Thank you for all the feedback on the Free School Meal debate. I do understand the strength of feeling on this matter and if I felt that children were not being supported I would have voted differently. I chose to speak in the debate yesterday specifically because I knew it would be a contentious issue and wanted my constituents to hear my view directly.
I want to be clear that the Opposition Day motion yesterday was not binding and voting for or against such motions does not affect Government policy. Over recent months they have been used to generate headlines and create divisive discourse which has clearly been the case when looking at social media on this topic. So, to be absolutely clear I did not vote to end Free School Meals for children. They have always been provided at school during term time and will continue to be.
As you will hear or read in my speech (transcript below) I pointed out that the debate on this sensitive issue needs to be guided by the facts, which I have outlined below.
We rightly extended FSM in March as the vast majority of pupils were instructed not to attend school during term time. Therefore, it was the correct decision to supply over £380 million worth of supermarket vouchers to ensure that children were properly fed.
It is now the case that pupils are back in the classroom, and those eligible for free school meals are getting that provision once again, in their school setting. I do not believe just extending FSM to cover the school holidays is a correct long-term solution to tackling food inequality and food poverty, to me it is a sticking plaster and not a solution. As a member of the APPG on National Food Strategy this is something incredibly important to me.
I think it is important to note that children who are eligible for free school meals will continue to receive this provision if they are required to self-isolate. Schools have been asked to work with their caterers to provide food parcels for those required to stay at home. Over £550 million a year is spent in England through the National Funding Formula to ensure that disadvantaged children benefit from Free School Meals, a provision which has been in place for more decades.
The Government is quite rightly doing a lot to help support the most vulnerable. On top of expanding Free School Meals, expenditure of Universal Credit has been increased by £9.3 billion, meaning the average household have seen an annual increase of more than £1000. £53 billion has been spent on Furlough protecting 12 million jobs. Local Authorities have received a share of £63 million to get food and other essentials to those most in need. The Government has also invested money into Summer Activity Clubs and school breakfast clubs as well.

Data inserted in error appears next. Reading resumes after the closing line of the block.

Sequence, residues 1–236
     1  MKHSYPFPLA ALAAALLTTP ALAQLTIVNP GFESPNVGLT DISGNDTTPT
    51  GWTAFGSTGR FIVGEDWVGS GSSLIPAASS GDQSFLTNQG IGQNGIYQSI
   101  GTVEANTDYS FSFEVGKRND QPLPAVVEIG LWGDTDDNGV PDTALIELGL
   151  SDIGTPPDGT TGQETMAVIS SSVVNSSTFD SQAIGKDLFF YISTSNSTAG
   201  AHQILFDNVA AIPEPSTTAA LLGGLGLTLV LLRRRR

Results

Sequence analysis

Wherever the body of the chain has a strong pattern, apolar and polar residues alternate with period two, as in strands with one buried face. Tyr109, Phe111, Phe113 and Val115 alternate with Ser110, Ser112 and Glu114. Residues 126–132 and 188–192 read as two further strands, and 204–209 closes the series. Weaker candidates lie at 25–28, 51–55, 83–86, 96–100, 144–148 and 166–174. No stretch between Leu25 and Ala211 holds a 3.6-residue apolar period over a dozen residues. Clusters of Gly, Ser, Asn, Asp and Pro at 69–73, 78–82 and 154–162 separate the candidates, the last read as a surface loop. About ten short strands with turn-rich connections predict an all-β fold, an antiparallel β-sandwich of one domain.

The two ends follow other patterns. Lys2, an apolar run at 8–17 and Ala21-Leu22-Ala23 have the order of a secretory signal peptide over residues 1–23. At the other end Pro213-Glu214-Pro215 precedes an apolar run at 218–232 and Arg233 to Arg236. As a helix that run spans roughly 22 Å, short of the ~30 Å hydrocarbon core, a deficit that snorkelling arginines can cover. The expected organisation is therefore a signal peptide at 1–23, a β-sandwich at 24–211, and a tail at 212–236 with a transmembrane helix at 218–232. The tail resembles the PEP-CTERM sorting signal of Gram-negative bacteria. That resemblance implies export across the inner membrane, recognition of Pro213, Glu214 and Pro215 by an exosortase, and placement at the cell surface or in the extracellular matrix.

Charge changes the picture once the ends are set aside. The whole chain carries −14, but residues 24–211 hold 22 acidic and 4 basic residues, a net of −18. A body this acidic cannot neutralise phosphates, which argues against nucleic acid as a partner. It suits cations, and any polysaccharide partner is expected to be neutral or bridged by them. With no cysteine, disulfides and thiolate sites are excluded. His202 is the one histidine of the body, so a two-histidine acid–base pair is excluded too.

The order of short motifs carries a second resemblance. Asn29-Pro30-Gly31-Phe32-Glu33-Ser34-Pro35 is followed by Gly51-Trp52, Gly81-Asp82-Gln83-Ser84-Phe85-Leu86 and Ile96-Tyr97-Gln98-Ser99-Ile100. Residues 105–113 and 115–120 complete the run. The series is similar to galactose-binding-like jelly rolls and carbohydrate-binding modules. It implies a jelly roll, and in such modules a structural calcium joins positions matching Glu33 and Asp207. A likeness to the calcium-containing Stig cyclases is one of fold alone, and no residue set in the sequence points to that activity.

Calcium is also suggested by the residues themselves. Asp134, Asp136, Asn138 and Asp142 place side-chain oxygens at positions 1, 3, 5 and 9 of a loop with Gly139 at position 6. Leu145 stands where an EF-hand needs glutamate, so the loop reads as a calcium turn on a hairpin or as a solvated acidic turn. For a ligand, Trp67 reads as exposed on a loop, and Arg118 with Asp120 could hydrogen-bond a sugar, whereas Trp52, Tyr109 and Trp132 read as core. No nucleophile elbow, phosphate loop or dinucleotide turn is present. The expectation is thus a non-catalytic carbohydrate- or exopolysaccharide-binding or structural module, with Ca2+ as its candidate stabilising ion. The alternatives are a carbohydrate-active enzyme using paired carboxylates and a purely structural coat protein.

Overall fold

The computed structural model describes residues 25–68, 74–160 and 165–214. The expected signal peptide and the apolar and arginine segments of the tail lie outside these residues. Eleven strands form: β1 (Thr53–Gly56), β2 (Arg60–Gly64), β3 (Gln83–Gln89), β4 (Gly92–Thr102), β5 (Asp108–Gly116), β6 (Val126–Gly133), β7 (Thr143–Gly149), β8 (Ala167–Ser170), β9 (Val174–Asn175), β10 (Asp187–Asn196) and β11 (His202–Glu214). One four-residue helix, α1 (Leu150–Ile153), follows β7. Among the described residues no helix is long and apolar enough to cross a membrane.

In other words, I voted with good conscious because I know the incredible measures the Government is going to in ensuring children across our society are supported. I have seen the impact of this first-hand but also accept there is still much more to do. I will continue to share my learnings from volunteering on the front line with Ministers across Government to ensure the most vulnerable in society are supported.
As always, If you would like to discuss this or any other matter important to you please do contact me as usual on firstname.lastname@example.org.
Any debate discussing children is rightly emotive. We must protect them, we must nurture them and we must support them. The question is: how do we do that most effectively? In this debate, we have heard highly charged arguments, which, if listened to in isolation, without reference to the actual facts, would cause any of us to fear for the next generation. But as my namesake, the philosopher Bertrand Russell, once stated:
“The degree of one’s emotions varies inversely with one’s knowledge of the facts.”
The real facts are that throughout this pandemic, this Government have been actively supporting vulnerable children, doing the right thing at the right time. At the start of the pandemic, it was right that unprecedented measures on free school meals were taken. In that time, children’s lives were blurred between home and school, but now schools have opened back up fully to all pupils and more targeted support can be provided.
Let us not forget the facts of this debate. First, we are not ending free school meals. We are returning to the way that it has always been under successive Governments, yet we are also providing an ever more focused approach to support, so that we can reach every child who needs a helping hand. I am conscious in these debates—especially ones such as this—that there can be number fatigue, with statistics and billions thrown here and there, but the facts are the facts, and it is this Government who have increased universal credit by £1,000 this year for families and delivered £63 million in additional funding for councils to provide emergency assistance to families with food essentials and meals. We strengthened welfare support, adding £9 billion into the welfare system this year, not to mention the billions in furlough schemes, business support and a multitude of other packages to charities, individuals and families to help them to put food on tables across the country. I could go on, but the facts are the facts. To round off my speech with one more quotation, as Aldous Huxley once stated:
“Facts do not cease to exist because they are ignored.”
The facts are that the Government have been ensuring targeted support for vulnerable children, both now and into the future, ensuring that the right support reaches the right children at the right time.